IN WHICH PASSEPARTOUT UNDERGOES, AT A SPEED OF TWENTY MILES AN HOUR, A COURSE OF MORMON HISTORY
During the night of the 5th of December, the train ran south-easterly for about fifty miles; then rose an equal distance in a north-easterly direction, towards the Great Salt Lake.
Passepartout, about nine o’clock, went out upon the platform to take the air. The weather was cold, the heavens grey, but it was not snowing. The sun’s disc, enlarged by the mist, seemed an enormous ring of gold, and Passepartout was amusing himself by calculating its value in pounds sterling, when he was diverted from this interesting study by a strange-looking personage who made his appearance on the platform.
This personage, who had taken the train at Elko, was tall and dark, with black moustache, black stockings, a black silk hat, a black waistcoat, black trousers, a white cravat, and dogskin gloves. He might have been taken for a clergyman. He went from one end of the train to the other, and affixed to the door of each car a notice written in manuscript.
Passepartout approached and read one of these notices, which stated that Elder William Hitch, Mormon missionary, taking advantage of his presence on train No. 48, would deliver a lecture on Mormonism in car No. 117, from eleven to twelve o’clock; and that he invited all who were desirous of being instructed concerning the mysteries of the religion of the “Latter Day Saints” to attend.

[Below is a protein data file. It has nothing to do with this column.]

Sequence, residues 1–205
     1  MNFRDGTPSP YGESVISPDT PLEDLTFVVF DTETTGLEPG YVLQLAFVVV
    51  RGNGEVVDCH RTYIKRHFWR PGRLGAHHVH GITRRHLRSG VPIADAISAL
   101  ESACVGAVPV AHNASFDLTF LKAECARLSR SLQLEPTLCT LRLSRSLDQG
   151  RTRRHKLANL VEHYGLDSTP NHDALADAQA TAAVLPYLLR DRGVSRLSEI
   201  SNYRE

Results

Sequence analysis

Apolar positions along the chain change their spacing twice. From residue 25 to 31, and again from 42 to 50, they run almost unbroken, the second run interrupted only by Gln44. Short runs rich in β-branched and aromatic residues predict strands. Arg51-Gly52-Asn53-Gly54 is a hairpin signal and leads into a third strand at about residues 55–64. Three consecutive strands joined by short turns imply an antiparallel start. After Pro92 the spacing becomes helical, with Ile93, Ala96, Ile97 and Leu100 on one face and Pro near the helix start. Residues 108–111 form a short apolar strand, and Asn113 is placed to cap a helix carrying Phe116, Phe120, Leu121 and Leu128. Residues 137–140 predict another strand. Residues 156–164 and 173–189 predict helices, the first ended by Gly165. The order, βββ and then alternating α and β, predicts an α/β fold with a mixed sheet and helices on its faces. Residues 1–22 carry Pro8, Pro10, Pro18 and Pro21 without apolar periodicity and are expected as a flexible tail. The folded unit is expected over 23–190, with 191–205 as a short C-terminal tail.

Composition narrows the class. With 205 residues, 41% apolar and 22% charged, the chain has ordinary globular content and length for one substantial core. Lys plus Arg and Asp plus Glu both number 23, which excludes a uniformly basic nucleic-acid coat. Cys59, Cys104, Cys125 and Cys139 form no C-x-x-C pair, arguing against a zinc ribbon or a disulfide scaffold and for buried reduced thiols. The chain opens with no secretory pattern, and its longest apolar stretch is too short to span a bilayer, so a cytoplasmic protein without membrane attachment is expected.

“I’ll go,” said Passepartout to himself. He knew nothing of Mormonism except the custom of polygamy, which is its foundation.
The news quickly spread through the train, which contained about one hundred passengers, thirty of whom, at most, attracted by the notice, ensconced themselves in car No. 117. Passepartout took one of the front seats. Neither Mr. Fogg nor Fix cared to attend.
At the appointed hour Elder William Hitch rose, and, in an irritated voice, as if he had already been contradicted, said, “I tell you that Joe Smith is a martyr, that his brother Hiram is a martyr, and that the persecutions of the United States Government against the prophets will also make a martyr of Brigham Young. Who dares to say the contrary?”
No one ventured to gainsay the missionary, whose excited tone contrasted curiously with his naturally calm visage. No doubt his anger arose from the hardships to which the Mormons were actually subjected. The government had just succeeded, with some difficulty, in reducing these independent fanatics to its rule. It had made itself master of Utah, and subjected that territory to the laws of the Union, after imprisoning Brigham Young on a charge of rebellion and polygamy. The disciples of the prophet had since redoubled their efforts, and resisted, by words at least, the authority of Congress. Elder Hitch, as is seen, was trying to make proselytes on the very railway trains.